• Habitats and species to be monitored. Monitoring should always consider habitat fragmentation, especially the maintenance of functional connections across the landscape. The quality of habitats is subject to monitoring if these habitats have been directly affected by construction or are newly created as part of compensation. Habitats newly created on road and railway sides also require special attention. The selection of species to be monitored should be based on previous knowledge on their occurrence and migrations. Special attention should be paid to endangered and migratory species (the existence of migration corridors for occasional migrants can be essential for the survival of populations far from the construction site). As it is not possible to monitor in detail all the species present in an area, species or groups of species need to be selected. Species with particular habitat requirements, species of high conservation value and species whose requirements encompass those of other species (umbrella species) are priority targets for monitoring plans. These priority targets often depend on local, national and regional regulations.
  • Timeframe. The monitoring timeframe must be sufficient to determine the impact of the transport infrastructure development on biodiversity targets. Monitoring should cover a period of at least 2-3 years before the construction starts, continue during construction until completion and then 3 to 10, and even 15 years, are suitable during operation, depending on the question to be addressed and the metrics measured. The exact time frame must always be defined according to goals and achieving a reliable assessment of the effects being monitored and may depend on regulations. When relevant, the Before-After-Control-Impact BACI system (see Section 6.2.2 – Schemes, methods and techniques) is recommended to be applied and would drive the monitoring timeframe.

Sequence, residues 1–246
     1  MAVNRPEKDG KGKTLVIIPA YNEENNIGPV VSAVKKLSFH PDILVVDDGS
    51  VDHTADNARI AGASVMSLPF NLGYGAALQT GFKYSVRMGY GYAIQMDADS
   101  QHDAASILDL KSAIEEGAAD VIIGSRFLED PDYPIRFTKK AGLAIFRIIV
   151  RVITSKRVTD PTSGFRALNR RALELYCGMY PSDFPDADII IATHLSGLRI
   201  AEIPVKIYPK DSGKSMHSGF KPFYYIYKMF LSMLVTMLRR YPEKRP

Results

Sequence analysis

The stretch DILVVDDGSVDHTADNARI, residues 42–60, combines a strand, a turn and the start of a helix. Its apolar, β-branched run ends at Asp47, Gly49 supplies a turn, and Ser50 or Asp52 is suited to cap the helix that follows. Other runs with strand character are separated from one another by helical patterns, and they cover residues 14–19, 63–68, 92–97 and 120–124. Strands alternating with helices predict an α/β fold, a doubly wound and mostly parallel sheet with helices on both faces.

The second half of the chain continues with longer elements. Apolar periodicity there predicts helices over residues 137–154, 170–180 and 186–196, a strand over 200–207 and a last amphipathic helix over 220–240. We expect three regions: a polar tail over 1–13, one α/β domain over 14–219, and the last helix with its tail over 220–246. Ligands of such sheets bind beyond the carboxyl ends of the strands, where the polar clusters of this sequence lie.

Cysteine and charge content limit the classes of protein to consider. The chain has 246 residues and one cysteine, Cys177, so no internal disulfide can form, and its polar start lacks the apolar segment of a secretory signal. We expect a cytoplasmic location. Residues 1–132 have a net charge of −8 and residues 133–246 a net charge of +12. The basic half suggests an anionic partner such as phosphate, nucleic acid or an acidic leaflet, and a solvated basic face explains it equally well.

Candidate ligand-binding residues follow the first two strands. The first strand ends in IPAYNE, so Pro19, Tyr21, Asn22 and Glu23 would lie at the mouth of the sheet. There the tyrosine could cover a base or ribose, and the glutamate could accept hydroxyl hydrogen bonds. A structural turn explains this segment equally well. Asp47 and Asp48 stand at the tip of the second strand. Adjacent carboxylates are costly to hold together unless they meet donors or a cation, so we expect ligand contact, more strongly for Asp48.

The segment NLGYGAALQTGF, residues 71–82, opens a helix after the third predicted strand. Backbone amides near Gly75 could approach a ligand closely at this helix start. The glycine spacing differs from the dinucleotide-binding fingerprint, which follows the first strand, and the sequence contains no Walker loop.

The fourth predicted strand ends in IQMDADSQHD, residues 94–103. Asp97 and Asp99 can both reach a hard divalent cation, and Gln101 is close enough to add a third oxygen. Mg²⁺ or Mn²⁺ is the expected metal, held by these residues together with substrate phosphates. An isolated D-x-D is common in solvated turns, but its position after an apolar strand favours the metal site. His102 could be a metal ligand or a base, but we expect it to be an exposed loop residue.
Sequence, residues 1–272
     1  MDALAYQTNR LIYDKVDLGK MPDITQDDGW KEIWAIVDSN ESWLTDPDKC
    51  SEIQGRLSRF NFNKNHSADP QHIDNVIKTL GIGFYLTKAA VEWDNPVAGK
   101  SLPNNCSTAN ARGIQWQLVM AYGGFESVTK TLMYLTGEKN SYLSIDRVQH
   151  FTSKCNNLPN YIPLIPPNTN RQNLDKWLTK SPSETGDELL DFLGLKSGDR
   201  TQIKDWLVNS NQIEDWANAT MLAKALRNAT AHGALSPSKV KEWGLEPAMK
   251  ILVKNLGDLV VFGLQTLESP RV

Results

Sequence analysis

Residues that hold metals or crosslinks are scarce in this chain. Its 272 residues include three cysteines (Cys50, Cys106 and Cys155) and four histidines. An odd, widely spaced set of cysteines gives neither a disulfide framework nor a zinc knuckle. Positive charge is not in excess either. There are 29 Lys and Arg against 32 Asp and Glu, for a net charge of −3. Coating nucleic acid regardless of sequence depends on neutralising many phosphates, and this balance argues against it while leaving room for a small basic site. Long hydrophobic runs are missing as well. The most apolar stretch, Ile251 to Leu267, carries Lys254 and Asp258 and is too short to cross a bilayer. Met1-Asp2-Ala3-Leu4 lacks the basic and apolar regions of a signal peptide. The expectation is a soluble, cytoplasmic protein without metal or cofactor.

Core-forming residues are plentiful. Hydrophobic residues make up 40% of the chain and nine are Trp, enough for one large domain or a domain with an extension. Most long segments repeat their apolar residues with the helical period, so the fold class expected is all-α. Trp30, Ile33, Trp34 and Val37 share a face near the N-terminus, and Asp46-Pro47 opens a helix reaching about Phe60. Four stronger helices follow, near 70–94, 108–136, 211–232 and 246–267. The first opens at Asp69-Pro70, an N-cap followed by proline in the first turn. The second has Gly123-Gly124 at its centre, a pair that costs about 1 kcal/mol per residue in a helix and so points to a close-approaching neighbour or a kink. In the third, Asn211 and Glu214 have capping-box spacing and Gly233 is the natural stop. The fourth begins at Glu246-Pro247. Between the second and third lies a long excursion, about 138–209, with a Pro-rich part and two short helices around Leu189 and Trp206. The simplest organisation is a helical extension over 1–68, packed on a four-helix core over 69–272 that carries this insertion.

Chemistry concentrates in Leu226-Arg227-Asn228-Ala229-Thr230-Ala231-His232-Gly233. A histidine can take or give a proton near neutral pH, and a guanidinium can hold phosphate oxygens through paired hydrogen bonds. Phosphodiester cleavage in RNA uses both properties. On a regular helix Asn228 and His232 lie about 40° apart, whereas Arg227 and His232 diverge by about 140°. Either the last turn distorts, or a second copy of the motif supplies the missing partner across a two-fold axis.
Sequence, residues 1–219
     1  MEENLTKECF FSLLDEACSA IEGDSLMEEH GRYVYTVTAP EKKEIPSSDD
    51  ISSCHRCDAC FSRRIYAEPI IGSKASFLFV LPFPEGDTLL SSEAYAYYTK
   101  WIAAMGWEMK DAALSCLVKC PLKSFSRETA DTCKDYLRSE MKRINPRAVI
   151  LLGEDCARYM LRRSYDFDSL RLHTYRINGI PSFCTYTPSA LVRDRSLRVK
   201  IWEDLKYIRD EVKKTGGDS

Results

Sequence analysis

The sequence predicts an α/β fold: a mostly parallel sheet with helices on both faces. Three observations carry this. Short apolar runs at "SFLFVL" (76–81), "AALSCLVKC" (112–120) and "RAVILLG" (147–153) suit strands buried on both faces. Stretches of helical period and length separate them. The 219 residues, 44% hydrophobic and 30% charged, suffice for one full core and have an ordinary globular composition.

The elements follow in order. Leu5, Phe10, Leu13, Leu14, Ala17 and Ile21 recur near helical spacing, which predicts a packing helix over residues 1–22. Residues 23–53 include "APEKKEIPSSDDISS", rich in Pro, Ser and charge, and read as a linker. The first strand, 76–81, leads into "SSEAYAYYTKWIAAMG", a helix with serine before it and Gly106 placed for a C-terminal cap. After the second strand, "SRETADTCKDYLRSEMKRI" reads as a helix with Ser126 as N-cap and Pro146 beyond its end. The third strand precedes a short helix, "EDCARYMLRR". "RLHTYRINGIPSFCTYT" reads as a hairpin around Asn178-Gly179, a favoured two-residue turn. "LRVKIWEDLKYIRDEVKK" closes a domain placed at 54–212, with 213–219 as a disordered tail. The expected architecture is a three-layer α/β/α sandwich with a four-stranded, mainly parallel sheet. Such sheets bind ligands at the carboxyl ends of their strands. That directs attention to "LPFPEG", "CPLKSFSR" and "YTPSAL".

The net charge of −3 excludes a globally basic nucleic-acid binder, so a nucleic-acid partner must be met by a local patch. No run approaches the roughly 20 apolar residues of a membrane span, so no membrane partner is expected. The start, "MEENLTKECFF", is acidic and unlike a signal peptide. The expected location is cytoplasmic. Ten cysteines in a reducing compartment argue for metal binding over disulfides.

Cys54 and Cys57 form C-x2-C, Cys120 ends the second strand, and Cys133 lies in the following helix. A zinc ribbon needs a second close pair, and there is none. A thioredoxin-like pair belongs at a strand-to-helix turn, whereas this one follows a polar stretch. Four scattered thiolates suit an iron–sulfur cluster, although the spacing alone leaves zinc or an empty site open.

• Methods to be applied. Detailed description of the scheme monitoring methods, the techniques used and the frequency of measurements, must be described for each species and habitat included in the monitoring plan (see Section 6.2.2 – Schemes, methods and techniques and Sections 6.3 – Field techniques applied to wildlife monitoring for a description of recommended monitoring methods).
  • Outputs to be produced and target users. Form and scope of monitoring results for the evaluation must be described in the monitoring plan, including the frequency of reporting. Monitoring reports are recommended to be submitted annually. An evaluation planning should be proposed and each evaluation lead to a dedicated report. Evaluation reports must be delivered at least to the infrastructure manager, the nature protection authorities and the authorities responsible for approving transport infrastructure. This report should include:
    • Analysis of achieved results.
    • Assessment of the effect of a specific construction on habitats and populations of monitored species.
    • Recommendations for subsequent operation and maintenance.
    • Recommendations to be applied in other similar infrastructure and conditions.
Figure 6.2.1 – Contents to be included in the preparation of the monitoring plan.